MR. JUSTICE BROWN, after making the foregoing statement, delivered the opinion of the court.
Motion is made to dismiss this case upon the ground that no Federal question is involved; or if there be such question, that there was another non-Federal question, the decision of which was sufficient to sustain the judgment, irrespective of what the decision of the Supreme Court may have been upon such Federal question.
1. From the foregoing abstract of the pleadings it will be seen that the title set up by the State rests solely upon the proposition that it became vested, upon its admission into the Union under the act of Congress of December 28, 1846, 9 Stat. 117, with sovereignty over the beds of all lakes within its borders, and by the act of the general government in meandering such lakes, and excluding from its survey of public lands all such as lay beneath their waters. This clearly does not involve the validity of any treaty or statute of the United States, or the constitutionality of any state statute or authority, so that if jurisdiction exists in this court, it must be by reason of the claim of a title, right, privilege or immunity under the Constitution, or an authority exercised under the United States, the
The real question then is whether the sovereignty of the State over the beds of its inland lakes rests upon some statute or provision of the Constitution, or upon general principles of the common law which long antedated the Constitution, and had their origin in rights conceded to the Crown centuries before the severance of our relations with the mother country. If the latter, then the State must look to the decisions of this court, recognizing and defining such rights and determining how far they are inherited, first, by the United States as the successor of the Crown, and second, by the several States upon their admission into the Union. This would not involve a construction of the Constitution, nor of any title derived thereunder, but a determination of the title of the Crown to lands beneath the beds of inland lakes and of the respective rights of the States and the general government as successors thereto.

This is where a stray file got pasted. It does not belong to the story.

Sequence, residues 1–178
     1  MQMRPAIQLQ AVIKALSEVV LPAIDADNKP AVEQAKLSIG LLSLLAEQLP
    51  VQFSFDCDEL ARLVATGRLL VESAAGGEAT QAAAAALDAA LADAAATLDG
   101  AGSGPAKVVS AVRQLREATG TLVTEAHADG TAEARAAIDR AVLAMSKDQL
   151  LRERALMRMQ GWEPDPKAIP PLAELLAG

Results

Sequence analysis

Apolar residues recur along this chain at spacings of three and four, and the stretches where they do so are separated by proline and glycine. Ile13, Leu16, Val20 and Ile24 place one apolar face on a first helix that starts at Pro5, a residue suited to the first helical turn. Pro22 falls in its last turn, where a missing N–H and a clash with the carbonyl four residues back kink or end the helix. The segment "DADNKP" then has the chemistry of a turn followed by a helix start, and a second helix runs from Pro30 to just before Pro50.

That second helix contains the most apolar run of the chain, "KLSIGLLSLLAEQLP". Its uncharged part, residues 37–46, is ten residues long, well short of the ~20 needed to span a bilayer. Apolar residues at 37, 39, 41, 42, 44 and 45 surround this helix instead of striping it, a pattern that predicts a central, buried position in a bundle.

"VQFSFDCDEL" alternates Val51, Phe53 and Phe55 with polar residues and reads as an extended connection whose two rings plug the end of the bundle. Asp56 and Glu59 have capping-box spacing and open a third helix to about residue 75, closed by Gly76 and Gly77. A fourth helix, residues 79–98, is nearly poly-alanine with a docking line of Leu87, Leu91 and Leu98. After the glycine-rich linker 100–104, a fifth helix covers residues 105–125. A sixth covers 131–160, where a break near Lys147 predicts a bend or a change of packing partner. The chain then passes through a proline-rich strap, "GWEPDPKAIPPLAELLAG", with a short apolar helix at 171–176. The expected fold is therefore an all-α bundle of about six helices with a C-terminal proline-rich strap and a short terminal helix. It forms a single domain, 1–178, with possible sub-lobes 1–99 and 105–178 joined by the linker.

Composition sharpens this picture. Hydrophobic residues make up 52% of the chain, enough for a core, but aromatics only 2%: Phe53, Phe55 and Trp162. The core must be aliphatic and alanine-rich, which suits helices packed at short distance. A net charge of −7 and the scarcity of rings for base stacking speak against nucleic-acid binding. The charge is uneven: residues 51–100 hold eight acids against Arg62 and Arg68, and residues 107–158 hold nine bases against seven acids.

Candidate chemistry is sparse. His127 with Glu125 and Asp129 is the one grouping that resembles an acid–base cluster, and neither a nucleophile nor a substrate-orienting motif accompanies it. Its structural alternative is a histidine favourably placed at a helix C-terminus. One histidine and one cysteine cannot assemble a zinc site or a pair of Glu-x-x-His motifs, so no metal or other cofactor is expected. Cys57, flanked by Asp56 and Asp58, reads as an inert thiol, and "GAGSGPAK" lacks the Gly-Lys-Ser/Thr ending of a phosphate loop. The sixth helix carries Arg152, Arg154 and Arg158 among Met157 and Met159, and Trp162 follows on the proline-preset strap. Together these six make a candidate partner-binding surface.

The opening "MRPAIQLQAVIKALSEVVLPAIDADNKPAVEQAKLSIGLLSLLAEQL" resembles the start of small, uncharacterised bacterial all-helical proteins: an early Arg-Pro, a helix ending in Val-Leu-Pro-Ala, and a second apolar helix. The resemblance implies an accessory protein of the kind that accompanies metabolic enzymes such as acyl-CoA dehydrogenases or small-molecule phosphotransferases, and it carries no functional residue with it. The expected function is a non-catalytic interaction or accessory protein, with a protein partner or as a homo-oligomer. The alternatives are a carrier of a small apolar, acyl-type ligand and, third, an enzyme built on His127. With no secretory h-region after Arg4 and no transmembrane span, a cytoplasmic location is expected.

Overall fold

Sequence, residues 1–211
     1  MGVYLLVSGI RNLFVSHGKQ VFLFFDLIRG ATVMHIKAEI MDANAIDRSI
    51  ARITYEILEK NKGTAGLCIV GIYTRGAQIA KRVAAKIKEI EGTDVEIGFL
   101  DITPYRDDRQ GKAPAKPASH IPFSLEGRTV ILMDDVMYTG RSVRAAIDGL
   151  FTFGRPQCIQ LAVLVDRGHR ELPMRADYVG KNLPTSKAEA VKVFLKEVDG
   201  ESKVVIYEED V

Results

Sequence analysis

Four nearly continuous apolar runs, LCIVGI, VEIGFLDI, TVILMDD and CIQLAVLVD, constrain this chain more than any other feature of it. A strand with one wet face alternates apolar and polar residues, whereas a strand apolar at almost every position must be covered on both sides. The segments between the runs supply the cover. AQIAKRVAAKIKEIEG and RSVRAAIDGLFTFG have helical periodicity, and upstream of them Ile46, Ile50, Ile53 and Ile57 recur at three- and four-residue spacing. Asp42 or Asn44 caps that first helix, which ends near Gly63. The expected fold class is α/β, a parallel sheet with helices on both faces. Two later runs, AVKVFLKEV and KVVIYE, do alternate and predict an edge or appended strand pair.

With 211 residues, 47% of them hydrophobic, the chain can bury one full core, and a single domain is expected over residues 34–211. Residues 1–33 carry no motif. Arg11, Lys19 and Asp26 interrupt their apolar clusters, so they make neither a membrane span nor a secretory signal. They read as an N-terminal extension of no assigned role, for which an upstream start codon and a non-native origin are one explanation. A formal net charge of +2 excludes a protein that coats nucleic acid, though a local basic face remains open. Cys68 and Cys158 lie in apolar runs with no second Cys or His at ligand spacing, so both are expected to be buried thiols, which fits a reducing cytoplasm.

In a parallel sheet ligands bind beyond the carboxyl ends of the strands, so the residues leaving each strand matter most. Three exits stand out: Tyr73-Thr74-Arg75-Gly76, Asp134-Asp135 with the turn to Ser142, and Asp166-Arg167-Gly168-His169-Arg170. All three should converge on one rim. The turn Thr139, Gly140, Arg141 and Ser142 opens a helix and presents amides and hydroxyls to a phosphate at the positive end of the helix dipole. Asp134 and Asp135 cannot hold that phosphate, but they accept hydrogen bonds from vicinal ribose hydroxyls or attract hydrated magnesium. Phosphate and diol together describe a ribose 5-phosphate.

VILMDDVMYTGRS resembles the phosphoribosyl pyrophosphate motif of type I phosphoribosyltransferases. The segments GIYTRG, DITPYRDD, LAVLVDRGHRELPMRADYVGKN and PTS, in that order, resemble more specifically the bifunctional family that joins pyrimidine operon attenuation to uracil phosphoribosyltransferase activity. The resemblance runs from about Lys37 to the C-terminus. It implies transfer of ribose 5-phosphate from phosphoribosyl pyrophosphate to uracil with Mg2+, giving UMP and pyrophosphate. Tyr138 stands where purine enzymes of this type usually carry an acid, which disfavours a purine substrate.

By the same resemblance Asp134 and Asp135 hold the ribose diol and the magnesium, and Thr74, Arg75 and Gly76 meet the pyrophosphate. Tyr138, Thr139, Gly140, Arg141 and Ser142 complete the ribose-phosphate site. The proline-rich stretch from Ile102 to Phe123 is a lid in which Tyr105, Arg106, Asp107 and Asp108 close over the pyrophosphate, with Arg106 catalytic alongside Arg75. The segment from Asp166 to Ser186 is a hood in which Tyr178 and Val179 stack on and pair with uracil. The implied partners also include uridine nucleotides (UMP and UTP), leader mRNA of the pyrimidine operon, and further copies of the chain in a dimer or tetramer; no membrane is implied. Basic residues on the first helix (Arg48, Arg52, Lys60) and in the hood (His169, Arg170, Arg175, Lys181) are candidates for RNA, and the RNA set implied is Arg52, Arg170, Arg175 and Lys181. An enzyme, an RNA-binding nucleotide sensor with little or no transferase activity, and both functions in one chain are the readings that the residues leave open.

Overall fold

In support of our jurisdiction the State relies (1) upon art. III of the treaty with France for the cession of Louisiana, 8 Stat. 200, which merely provides that "the inhabitants of the ceded territory shall be incorporated in the Union of the United States and admitted as soon as possible, according to the principles of the Federal Constitution, to the enjoyment of all the rights, advantages and immunities of citizens of the United States;" (2) the provision of the Constitution, art. IV, sec. 3, which merely declares, with certain immaterial qualifications, that "new States may be admitted by the Congress into this Union;" and (3) upon the act of Congress of 1846, admitting the State of Iowa into the Union, with the provision that it should be admitted on an equal footing with the original States in all respects whatsoever.